By Evan Colborne | October 26, 2017
The optimist in us would like to think that if our marketing efforts lead someone to attend our event, that our job is done. We tell ourselves that the event experience is so good, that they’ll be hooked and want to come back again and again. This is often used to justify giving away free tickets. If only this were the case.
I was listening to an older episode Gary Vaynerchuk’s podcast the other day where he had Jon Taffer as his guest. For those unfamiliar, Jon Taffer is the host of the TV Show Bar Rescue on Spike. The premise is Jon visits struggling bars/restaurants from around the United States and helps turn their business around. They usually have a marathon running every Sunday night if you’re interested. I find it a great way to relax on a Sunday night, while also getting fired up for the week ahead!
Jon Taffer is considered one of the foremost experts on Bar Science (yes, apparently that is a thing). Watching his show, what struck me is how similar the Bar & Restaurant business is to the Sports & Entertainment industry. Both are options for leisure time. Both require their staff to work while others play. Both require attracting people to physically come to a destination. Both historically struggle to generate enough revenue to fund their operations.
Getting back to the podcast, Jon mentioned that in the restaurant business, there is a need to market to four visits. He goes on to explain that a person who comes to a restaurant for the first time and has a flawless experience, has only about a 40% chance of returning. Meaning that the majority of your first time customers that you spend so much time and energy convincing to come try your restaurant will never come back, even if they had a great experience.
Say that customer falls in the 40% and actually returns for a second visit. He or she may once again have a flawless experience. The food is delicious and cooked to perfection, the ambience just what they are looking for, the staff friendly and inviting. Surely they must be convinced that your restaurant is worth visiting regularly. And yet after a second flawless experience, statistically still only a 40% chance of returning.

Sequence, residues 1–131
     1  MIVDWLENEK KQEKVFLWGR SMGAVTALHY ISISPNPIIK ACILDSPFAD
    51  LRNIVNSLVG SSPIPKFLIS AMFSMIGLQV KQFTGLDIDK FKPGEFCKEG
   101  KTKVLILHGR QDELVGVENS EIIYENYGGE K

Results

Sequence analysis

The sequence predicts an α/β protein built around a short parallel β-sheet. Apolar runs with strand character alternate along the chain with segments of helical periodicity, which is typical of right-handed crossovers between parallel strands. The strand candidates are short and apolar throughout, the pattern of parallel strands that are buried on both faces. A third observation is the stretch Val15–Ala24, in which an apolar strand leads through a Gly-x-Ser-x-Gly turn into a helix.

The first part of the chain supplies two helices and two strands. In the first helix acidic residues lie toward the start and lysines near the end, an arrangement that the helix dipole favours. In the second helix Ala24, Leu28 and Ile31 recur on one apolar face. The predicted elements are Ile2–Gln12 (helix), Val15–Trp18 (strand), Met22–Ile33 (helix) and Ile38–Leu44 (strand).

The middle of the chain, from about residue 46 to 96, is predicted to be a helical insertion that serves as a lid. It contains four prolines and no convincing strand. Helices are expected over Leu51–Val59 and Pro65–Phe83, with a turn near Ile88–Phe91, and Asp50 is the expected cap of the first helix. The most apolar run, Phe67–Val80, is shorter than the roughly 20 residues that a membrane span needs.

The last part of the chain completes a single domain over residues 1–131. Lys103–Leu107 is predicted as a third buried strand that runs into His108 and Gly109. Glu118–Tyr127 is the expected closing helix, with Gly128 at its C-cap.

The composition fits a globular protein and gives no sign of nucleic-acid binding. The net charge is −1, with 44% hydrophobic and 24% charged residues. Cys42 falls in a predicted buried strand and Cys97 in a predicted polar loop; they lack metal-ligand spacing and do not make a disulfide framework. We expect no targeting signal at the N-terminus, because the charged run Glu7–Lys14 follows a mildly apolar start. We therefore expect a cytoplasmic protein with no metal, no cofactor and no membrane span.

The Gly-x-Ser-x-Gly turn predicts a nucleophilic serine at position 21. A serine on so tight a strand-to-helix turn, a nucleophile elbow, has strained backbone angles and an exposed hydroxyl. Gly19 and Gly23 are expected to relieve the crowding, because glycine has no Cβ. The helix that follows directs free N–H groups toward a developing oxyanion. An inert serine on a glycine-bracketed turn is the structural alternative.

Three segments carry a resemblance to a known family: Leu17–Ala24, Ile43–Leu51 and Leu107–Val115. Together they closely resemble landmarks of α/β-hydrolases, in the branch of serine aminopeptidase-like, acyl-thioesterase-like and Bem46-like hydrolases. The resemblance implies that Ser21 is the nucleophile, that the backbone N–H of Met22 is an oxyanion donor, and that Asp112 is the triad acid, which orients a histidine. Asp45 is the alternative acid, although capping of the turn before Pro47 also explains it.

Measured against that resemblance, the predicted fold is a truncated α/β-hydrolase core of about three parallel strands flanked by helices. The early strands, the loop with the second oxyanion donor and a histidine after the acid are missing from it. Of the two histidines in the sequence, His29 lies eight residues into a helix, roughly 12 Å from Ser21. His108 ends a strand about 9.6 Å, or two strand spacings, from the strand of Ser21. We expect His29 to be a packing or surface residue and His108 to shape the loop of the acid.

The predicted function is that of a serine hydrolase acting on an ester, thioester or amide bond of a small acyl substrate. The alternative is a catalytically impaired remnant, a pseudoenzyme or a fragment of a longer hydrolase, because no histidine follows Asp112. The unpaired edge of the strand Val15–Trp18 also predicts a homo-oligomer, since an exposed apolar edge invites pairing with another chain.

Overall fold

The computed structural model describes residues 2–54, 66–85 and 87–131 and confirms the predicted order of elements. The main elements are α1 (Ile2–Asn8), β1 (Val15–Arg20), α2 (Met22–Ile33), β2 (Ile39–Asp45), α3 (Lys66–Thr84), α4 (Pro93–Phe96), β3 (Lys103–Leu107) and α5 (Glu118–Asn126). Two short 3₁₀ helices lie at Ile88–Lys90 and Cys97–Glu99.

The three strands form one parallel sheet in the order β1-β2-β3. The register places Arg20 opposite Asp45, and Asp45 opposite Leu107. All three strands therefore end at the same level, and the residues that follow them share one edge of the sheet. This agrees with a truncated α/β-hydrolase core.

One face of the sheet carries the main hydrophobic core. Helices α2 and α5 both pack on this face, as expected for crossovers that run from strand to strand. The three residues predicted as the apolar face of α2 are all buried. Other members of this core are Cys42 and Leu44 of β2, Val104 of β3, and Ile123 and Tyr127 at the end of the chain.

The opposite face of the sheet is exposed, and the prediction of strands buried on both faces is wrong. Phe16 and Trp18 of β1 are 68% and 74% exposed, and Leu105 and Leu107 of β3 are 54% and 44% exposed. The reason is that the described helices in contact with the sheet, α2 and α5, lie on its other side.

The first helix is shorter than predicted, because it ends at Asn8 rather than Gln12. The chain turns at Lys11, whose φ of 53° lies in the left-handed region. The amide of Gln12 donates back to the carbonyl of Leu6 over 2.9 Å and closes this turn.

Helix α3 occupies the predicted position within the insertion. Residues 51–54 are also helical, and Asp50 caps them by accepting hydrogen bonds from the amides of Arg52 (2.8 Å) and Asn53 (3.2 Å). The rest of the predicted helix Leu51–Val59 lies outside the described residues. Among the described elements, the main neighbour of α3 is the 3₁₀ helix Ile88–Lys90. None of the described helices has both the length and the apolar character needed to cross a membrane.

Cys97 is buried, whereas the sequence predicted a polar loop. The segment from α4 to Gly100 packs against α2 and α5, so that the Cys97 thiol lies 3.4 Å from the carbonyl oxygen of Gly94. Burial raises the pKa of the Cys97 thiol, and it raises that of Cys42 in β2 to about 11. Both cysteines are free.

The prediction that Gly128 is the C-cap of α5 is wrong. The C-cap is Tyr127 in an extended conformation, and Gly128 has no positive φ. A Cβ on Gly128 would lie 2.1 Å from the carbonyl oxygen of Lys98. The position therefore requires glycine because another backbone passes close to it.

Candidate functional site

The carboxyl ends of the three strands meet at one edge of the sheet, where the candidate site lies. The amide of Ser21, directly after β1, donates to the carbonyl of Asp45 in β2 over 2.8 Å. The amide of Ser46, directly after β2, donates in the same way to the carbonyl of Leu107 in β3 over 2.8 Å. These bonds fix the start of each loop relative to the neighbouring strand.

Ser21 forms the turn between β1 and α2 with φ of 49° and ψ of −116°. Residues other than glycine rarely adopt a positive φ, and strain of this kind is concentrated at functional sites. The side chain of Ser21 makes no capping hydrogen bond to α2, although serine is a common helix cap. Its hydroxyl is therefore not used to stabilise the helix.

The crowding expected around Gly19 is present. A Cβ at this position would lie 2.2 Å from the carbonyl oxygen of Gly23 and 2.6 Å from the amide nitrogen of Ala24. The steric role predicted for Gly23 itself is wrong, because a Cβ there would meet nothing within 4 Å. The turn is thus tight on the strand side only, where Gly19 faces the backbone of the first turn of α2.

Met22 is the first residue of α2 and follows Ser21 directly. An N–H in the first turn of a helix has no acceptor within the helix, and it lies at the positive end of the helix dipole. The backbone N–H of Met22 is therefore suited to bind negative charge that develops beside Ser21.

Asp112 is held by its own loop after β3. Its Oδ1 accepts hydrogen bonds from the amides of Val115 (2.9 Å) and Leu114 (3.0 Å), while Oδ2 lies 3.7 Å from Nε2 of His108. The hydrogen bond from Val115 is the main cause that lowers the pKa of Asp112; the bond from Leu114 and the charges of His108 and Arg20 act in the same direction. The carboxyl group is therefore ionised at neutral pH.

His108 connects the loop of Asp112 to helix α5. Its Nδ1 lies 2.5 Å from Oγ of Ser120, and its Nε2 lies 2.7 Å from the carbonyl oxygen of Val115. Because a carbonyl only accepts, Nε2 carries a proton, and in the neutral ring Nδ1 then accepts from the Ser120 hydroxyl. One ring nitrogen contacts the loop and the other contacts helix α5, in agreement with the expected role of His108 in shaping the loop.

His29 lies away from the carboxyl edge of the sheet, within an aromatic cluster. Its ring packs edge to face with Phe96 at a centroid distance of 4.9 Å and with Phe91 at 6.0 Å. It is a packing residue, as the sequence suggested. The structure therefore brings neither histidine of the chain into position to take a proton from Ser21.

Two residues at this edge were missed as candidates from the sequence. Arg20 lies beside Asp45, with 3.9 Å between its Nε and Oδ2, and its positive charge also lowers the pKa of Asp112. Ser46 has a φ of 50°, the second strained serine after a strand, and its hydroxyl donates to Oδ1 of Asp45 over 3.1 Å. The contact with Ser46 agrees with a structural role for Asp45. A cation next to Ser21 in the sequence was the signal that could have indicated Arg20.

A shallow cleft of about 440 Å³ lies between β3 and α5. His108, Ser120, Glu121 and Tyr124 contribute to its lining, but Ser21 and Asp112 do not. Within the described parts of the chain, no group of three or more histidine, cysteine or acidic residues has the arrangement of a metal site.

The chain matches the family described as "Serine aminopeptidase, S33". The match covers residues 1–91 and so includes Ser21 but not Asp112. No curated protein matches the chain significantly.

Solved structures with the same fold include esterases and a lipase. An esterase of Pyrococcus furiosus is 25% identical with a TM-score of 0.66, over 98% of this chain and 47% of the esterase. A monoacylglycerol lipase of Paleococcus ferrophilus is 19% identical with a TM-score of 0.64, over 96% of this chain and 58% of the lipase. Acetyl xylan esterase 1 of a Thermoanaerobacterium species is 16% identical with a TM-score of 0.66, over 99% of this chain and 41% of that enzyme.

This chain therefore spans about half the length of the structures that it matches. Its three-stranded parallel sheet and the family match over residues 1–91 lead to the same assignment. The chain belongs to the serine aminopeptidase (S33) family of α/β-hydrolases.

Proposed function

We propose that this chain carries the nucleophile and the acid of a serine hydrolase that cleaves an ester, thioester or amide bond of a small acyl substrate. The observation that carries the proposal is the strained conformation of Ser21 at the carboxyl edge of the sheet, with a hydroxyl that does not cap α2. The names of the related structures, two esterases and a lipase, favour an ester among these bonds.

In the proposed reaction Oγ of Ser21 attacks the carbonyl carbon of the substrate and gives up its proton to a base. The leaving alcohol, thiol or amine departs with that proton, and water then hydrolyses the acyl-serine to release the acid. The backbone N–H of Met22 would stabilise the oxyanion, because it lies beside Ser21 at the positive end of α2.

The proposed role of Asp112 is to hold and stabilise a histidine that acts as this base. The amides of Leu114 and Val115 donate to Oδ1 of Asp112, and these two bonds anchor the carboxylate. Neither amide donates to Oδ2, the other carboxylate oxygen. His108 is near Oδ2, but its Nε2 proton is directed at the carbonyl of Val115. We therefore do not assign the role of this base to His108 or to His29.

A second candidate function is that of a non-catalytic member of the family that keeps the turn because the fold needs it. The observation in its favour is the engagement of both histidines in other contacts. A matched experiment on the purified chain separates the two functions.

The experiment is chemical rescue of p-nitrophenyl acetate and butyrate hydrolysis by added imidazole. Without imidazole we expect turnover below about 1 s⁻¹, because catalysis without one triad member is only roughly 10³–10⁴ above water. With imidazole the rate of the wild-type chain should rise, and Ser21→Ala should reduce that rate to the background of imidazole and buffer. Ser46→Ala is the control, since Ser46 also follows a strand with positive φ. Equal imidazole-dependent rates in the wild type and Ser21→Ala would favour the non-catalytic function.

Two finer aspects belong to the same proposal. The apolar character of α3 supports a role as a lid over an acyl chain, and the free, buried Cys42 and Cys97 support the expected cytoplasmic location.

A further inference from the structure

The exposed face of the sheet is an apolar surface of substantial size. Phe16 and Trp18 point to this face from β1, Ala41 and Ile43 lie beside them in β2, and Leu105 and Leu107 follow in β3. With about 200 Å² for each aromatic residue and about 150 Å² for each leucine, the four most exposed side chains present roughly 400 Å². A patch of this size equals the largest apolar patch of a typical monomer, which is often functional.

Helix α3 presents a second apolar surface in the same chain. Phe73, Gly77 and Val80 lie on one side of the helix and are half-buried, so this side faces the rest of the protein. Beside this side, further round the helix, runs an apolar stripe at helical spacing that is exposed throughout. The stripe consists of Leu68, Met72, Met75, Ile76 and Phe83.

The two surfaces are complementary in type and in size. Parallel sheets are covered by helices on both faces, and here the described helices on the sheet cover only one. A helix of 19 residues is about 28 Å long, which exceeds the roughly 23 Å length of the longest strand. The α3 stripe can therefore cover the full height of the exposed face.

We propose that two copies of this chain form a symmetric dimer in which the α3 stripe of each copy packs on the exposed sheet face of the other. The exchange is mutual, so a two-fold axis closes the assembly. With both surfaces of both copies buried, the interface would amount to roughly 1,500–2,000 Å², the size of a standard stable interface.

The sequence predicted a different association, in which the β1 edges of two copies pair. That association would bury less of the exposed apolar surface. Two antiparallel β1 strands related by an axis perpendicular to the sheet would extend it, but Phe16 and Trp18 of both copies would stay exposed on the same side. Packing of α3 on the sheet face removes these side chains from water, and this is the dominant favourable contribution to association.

So now your down to 40% of the 40% who decide to try your restaurant for a third time. Their meal is perfect, the ambience just right, the staff friendly and inviting, the facilities clean. An all around perfect third experience. All of a sudden, the likelihood they come back jumps to over 70%. A tipping point is reached.
Keep in mind that this example requires three perfect visits just to get a 70% chance that someone will come back a fourth time. Imagine if one of those experiences is bad? Good luck getting them back now.
Jon explains that in order to build true fans and loyal customers, that we need to market to three visits not just one. In his example, he suggests when a customer is seated in the restaurant, to ask them politely if this is their first time. This question is often asked, but primarily as a means of making small talk. If it is their first time, place a red napkin in front of them instead of the standard white; this identifies to the entire staff that this is a first time customer. After the meal, have the chef come out and ask them how they enjoyed the experience, and offer them a personalized handwritten coupon to come back to try another menu item.
Upon the second visit, the customer uses the coupon which tells the staff that they are a second visit customer. After another flawless experience, the chef comes out to thank them for coming back and offers them another personalized handwritten coupon to return. At each visit, the patron is identified by what stage they are at in their journey, and the experience is adjusted to meet them.
When I heard this example, I thought “wow, that’s so simple yet so genius!”
Take this and apply it to your organization. How are you identifying your first, second and third time customers? What are you doing for your first time customers to entice them to come back a second time? How are you one upping yourself each time to give the customer reason to come back a third time?